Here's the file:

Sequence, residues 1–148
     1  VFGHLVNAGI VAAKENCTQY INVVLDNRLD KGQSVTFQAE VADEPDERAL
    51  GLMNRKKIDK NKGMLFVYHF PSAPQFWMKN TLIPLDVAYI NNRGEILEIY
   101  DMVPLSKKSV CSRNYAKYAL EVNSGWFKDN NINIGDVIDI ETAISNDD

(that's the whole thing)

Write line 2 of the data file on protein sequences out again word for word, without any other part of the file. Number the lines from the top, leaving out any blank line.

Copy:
     1  VFGHLVNAGI VAAKENCTQY INVVLDNRLD KGQSVTFQAE VADEPDERAL